60 women from a rural community in Kenya are joining a trailblazing project to train them for careers as small business owners and make them advocates for wildlife
Rural communities rely on natural resources for shelter, food, water and fuel for sustenance.
Women are at the forefront in interacting with nature as they provide for their families, but ironically are marginalized when it comes to socio-economic empowerment and leadership of their lives and the natural resources they engage with.
The need to generate an income for families is putting increased pressure on nature and wildlife. Loss of wildlife habitat and migration routes is occurring at an alarming rate leading to increased human-wildlife conflict causing injuries and deaths to both people and wildlife.
Finding solutions to human-wildlife conflicts that allow local communities to make a sustainable income while giving wildlife the space to thrive is one of the most challenging but most important conservation tasks of our time.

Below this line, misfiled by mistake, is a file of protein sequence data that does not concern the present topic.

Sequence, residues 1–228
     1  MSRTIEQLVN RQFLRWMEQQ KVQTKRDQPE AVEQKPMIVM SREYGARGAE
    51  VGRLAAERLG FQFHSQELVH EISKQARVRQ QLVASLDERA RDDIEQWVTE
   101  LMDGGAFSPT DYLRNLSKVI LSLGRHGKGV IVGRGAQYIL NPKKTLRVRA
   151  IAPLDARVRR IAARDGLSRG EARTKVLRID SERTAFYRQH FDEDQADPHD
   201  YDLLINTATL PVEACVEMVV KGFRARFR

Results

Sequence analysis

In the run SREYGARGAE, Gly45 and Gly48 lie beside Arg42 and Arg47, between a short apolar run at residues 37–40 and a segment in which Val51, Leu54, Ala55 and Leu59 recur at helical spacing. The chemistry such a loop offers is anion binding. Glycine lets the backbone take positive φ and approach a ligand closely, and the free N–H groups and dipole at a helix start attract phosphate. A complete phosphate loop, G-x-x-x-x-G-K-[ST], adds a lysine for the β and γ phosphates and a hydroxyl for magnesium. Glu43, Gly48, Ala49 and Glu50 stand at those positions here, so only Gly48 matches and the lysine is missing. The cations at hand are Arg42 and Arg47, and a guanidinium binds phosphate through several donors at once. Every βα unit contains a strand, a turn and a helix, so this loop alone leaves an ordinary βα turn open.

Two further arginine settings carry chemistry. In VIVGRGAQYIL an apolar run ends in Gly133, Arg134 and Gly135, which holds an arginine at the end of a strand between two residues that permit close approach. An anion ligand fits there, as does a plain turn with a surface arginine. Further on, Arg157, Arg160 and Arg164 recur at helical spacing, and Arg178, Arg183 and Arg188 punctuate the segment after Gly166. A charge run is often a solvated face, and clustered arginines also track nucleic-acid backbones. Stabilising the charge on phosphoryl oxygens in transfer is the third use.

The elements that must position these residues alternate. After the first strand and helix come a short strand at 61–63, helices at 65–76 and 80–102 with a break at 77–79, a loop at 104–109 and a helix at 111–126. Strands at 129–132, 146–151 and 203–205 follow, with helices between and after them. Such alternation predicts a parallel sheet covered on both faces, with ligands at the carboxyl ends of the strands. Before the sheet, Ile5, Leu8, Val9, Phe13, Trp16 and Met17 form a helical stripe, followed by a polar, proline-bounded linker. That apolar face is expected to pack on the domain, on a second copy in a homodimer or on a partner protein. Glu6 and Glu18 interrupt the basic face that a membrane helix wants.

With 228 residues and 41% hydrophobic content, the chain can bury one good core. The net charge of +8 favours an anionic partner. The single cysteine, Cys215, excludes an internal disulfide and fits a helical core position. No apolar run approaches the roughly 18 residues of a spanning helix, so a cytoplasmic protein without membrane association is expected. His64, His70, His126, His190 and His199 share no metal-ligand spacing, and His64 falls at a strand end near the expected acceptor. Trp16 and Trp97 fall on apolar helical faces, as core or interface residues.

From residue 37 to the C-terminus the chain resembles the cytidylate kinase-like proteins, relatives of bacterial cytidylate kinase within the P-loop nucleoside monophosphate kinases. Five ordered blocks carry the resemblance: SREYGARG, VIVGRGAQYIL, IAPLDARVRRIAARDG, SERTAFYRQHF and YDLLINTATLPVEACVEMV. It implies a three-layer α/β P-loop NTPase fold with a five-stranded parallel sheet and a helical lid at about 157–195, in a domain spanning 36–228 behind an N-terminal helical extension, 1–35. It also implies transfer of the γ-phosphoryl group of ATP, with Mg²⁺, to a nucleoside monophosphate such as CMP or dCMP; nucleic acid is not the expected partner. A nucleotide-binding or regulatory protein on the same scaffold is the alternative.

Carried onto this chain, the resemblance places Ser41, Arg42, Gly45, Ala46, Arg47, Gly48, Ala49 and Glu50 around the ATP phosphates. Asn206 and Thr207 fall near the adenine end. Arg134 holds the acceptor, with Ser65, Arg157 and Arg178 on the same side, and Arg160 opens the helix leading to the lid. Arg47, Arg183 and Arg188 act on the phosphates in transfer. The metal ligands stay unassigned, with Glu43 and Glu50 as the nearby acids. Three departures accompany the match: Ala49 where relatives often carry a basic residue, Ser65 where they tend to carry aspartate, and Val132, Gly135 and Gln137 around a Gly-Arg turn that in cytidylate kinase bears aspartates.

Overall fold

Jenga Mama: Transforming the lives of women in Amboseli, Kenya
We believe that women and girls play a key role in creating sustainable livelihood opportunities that will benefit their families and communities in the future.
Together with the German foundation Margarete-Breuer Stiftung (MBS), IFAW is supporting 60 women in the Amboseli community with three-year vocational skills training in professions such as hairdressing, dressmaking and catering.
The Jenga Mama (Swahili for “Empower a Woman”) education project will equip these women with the tools to set up microenterprises successfully to generate sustainable incomes for their families and communities. By the end of 2023, the 60 women will be prepared to sustainably run the business enterprises established by them.
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The problems we face are urgent, complicated, and resistant to change. Real solutions demand creativity, hard work, and involvement from people like you.